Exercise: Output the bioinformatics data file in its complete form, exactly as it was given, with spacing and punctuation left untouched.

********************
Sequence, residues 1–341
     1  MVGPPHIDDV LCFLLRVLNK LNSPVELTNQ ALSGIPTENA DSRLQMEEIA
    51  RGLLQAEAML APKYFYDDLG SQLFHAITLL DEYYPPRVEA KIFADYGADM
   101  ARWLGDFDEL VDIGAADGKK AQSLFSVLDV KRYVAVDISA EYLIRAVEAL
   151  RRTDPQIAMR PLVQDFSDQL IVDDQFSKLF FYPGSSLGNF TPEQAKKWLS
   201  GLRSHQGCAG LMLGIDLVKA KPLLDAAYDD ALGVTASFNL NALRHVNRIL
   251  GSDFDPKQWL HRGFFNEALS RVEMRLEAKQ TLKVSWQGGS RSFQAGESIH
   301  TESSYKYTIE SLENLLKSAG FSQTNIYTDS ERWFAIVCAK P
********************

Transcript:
Sequence, residues 1–341
     1  MVGPPHIDDV LCFLLRVLNK LNSPVELTNQ ALSGIPTENA DSRLQMEEIA
    51  RGLLQAEAML APKYFYDDLG SQLFHAITLL DEYYPPRVEA KIFADYGADM
   101  ARWLGDFDEL VDIGAADGKK AQSLFSVLDV KRYVAVDISA EYLIRAVEAL
   151  RRTDPQIAMR PLVQDFSDQL IVDDQFSKLF FYPGSSLGNF TPEQAKKWLS
   201  GLRSHQGCAG LMLGIDLVKA KPLLDAAYDD ALGVTASFNL NALRHVNRIL
   251  GSDFDPKQWL HRGFFNEALS RVEMRLEAKQ TLKVSWQGGS RSFQAGESIH
   301  TESSYKYTIE SLENLLKSAG FSQTNIYTDS ERWFAIVCAK P